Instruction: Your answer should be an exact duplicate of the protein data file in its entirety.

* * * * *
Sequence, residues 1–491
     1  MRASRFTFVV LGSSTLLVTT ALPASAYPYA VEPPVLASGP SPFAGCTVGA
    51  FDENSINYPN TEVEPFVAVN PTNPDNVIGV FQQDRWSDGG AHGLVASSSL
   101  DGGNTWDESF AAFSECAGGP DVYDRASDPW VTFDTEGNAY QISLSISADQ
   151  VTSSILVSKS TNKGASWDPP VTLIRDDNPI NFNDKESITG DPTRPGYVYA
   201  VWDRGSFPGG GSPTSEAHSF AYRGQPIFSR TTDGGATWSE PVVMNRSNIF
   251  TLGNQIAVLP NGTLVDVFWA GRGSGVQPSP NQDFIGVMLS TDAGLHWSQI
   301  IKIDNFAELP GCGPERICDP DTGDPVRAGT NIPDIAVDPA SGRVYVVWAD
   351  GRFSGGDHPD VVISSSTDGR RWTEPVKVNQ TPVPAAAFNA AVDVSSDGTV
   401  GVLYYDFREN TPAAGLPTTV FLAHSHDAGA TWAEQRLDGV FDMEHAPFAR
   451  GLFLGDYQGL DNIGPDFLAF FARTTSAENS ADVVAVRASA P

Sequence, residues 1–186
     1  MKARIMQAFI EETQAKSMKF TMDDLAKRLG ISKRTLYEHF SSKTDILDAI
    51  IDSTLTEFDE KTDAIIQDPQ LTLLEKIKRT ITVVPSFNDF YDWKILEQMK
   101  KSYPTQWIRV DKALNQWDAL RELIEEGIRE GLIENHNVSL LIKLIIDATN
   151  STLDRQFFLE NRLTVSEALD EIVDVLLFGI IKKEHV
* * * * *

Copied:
Sequence, residues 1–491
     1  MRASRFTFVV LGSSTLLVTT ALPASAYPYA VEPPVLASGP SPFAGCTVGA
    51  FDENSINYPN TEVEPFVAVN PTNPDNVIGV FQQDRWSDGG AHGLVASSSL
   101  DGGNTWDESF AAFSECAGGP DVYDRASDPW VTFDTEGNAY QISLSISADQ
   151  VTSSILVSKS TNKGASWDPP VTLIRDDNPI NFNDKESITG DPTRPGYVYA
   201  VWDRGSFPGG GSPTSEAHSF AYRGQPIFSR TTDGGATWSE PVVMNRSNIF
   251  TLGNQIAVLP NGTLVDVFWA GRGSGVQPSP NQDFIGVMLS TDAGLHWSQI
   301  IKIDNFAELP GCGPERICDP DTGDPVRAGT NIPDIAVDPA SGRVYVVWAD
   351  GRFSGGDHPD VVISSSTDGR RWTEPVKVNQ TPVPAAAFNA AVDVSSDGTV
   401  GVLYYDFREN TPAAGLPTTV FLAHSHDAGA TWAEQRLDGV FDMEHAPFAR
   451  GLFLGDYQGL DNIGPDFLAF FARTTSAENS ADVVAVRASA P

Sequence, residues 1–186
     1  MKARIMQAFI EETQAKSMKF TMDDLAKRLG ISKRTLYEHF SSKTDILDAI
    51  IDSTLTEFDE KTDAIIQDPQ LTLLEKIKRT ITVVPSFNDF YDWKILEQMK
   101  KSYPTQWIRV DKALNQWDAL RELIEEGIRE GLIENHNVSL LIKLIIDATN
   151  STLDRQFFLE NRLTVSEALD EIVDVLLFGI IKKEHV